HUCKABEE: I think it's going to be a real confusing time for the Brits because they're going to be looking. Jeremy Corbyn is certainly not one who has been overtly ready to start closing the borders and being more strict about who comes in, and Theresa May hasn't. So, you know, the sad thing is they don't have a really clear choice in this. We did have a choice last November in America, and we made the choice. And that's why Donald Trump, one of the reasons, for sure, that Donald Trump was elected.
Maria, at some point, you know, we can pretend that this is not real. And I watched the mayor this morning, and he came out in his statements saying we're one of the safest places in the world. Go tell that to the parents of teenage girls who were having to identify their daughter in the morgue with a toe tag. I'm sorry, but, you know, that isn't working for the people who are now afraid for their kids to go to a ball game or a concert, or just to be walking about the streets with their friends for fear of something that is a random, yet targeted attack on the totally innocent victims that we're seeing in these terrorist attacks.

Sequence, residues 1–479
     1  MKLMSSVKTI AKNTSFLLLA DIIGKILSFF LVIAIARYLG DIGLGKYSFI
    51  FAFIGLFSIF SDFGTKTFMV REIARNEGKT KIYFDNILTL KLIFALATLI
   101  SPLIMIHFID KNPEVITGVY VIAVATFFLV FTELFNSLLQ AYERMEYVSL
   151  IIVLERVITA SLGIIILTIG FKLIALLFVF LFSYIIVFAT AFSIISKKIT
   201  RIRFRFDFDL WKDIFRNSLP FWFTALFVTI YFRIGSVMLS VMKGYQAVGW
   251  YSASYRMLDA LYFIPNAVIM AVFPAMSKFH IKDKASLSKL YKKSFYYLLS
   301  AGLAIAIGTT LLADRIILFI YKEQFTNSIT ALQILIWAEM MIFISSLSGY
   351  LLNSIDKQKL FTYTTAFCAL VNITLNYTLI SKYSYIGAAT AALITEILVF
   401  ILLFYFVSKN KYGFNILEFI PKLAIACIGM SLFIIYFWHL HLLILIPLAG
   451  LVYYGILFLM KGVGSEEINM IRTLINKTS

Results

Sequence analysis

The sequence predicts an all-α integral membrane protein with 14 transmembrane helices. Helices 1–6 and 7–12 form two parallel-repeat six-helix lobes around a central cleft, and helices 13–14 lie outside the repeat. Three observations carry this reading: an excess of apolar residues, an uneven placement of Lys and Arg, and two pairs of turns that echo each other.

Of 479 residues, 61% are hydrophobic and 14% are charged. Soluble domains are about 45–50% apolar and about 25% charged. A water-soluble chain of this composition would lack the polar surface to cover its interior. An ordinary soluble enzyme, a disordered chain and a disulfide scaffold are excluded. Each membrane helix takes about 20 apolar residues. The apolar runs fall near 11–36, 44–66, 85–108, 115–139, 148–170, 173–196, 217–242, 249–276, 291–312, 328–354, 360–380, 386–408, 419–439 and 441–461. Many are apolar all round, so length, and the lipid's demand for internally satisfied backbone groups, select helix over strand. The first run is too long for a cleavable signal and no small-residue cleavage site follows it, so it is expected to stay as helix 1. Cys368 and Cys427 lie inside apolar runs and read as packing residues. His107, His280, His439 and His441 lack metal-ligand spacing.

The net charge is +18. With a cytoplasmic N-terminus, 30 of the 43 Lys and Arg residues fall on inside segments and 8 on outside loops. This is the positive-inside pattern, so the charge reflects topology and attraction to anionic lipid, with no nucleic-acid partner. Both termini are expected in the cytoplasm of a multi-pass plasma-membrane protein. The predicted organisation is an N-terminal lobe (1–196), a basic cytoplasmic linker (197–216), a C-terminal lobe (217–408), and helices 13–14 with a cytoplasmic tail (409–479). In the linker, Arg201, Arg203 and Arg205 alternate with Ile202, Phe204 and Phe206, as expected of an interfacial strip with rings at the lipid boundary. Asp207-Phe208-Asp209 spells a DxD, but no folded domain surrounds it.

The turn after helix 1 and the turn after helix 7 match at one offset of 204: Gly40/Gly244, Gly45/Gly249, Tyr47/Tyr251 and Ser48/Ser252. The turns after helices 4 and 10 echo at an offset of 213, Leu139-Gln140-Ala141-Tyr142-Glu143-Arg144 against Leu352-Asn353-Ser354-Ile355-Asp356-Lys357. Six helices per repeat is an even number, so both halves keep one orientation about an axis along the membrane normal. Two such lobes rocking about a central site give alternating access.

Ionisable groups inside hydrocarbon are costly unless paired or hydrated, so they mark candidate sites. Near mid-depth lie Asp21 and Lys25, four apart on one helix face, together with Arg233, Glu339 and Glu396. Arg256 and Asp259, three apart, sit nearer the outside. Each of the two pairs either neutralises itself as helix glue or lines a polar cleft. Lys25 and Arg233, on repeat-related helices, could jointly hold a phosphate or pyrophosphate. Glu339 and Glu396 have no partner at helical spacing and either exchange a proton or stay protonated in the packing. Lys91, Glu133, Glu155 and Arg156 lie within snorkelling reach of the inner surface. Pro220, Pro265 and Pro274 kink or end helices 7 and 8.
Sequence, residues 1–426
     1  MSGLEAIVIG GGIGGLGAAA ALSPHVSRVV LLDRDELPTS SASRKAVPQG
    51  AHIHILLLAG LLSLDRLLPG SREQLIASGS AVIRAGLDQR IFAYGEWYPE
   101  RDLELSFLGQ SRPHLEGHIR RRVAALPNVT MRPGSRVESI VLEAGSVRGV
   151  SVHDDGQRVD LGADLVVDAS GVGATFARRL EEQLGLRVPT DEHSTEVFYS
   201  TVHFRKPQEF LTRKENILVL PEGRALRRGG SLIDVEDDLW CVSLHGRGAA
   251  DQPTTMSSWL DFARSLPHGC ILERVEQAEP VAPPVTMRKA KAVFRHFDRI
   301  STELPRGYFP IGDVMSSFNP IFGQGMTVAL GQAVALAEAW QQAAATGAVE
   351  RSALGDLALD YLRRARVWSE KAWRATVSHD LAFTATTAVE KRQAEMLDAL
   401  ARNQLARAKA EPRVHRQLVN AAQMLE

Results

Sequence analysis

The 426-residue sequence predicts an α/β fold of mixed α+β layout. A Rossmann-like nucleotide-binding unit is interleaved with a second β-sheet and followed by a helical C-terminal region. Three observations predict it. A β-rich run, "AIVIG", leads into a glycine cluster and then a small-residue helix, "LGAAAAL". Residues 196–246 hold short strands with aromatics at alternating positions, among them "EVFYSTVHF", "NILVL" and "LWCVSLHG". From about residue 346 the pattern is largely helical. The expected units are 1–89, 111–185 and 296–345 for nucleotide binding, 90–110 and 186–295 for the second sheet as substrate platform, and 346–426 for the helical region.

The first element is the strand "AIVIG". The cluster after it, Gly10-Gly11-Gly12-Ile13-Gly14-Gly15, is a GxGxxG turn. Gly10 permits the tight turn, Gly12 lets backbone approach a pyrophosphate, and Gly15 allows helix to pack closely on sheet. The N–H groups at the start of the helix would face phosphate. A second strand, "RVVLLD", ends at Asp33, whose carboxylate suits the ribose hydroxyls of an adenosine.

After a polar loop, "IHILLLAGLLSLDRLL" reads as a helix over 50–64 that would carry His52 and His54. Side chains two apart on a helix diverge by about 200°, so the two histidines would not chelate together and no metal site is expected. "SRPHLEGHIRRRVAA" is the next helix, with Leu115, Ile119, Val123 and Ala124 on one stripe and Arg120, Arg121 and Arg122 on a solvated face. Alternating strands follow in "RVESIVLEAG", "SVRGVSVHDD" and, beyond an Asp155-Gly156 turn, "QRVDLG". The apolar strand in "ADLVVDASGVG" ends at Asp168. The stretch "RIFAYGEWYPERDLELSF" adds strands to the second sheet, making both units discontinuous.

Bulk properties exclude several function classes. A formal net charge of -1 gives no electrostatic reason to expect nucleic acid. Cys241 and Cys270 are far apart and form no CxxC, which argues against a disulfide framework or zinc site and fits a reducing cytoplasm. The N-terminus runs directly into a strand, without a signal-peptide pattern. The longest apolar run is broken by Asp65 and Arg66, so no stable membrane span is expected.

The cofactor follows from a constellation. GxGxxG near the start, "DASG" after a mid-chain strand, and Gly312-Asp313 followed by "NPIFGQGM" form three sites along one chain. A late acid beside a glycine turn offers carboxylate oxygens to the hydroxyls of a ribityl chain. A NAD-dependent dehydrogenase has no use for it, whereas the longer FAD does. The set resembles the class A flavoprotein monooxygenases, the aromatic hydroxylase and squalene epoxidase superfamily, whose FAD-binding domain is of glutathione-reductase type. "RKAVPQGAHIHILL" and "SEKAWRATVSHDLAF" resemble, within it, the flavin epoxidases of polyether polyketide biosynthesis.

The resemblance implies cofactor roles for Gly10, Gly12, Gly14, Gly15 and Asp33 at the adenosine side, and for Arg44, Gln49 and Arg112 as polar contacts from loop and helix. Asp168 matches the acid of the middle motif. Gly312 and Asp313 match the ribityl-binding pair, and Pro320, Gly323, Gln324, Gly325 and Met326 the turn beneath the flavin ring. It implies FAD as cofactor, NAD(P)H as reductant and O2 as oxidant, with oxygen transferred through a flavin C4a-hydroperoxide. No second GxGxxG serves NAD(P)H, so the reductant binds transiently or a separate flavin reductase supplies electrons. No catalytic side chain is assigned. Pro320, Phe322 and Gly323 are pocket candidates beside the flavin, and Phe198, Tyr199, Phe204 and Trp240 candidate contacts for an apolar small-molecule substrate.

BARTIROMO: Yes. I think you made a great point. I did see Sadiq Khan's comments, the Mayor of London there, and they -- you know, they really coincide with the comment from Prime Minister Theresa May who says, the attack on the London Bridge shows that there is far too much tolerance of Islamist extremism in Britain today. Do you think that suggests things will change in the coming weeks?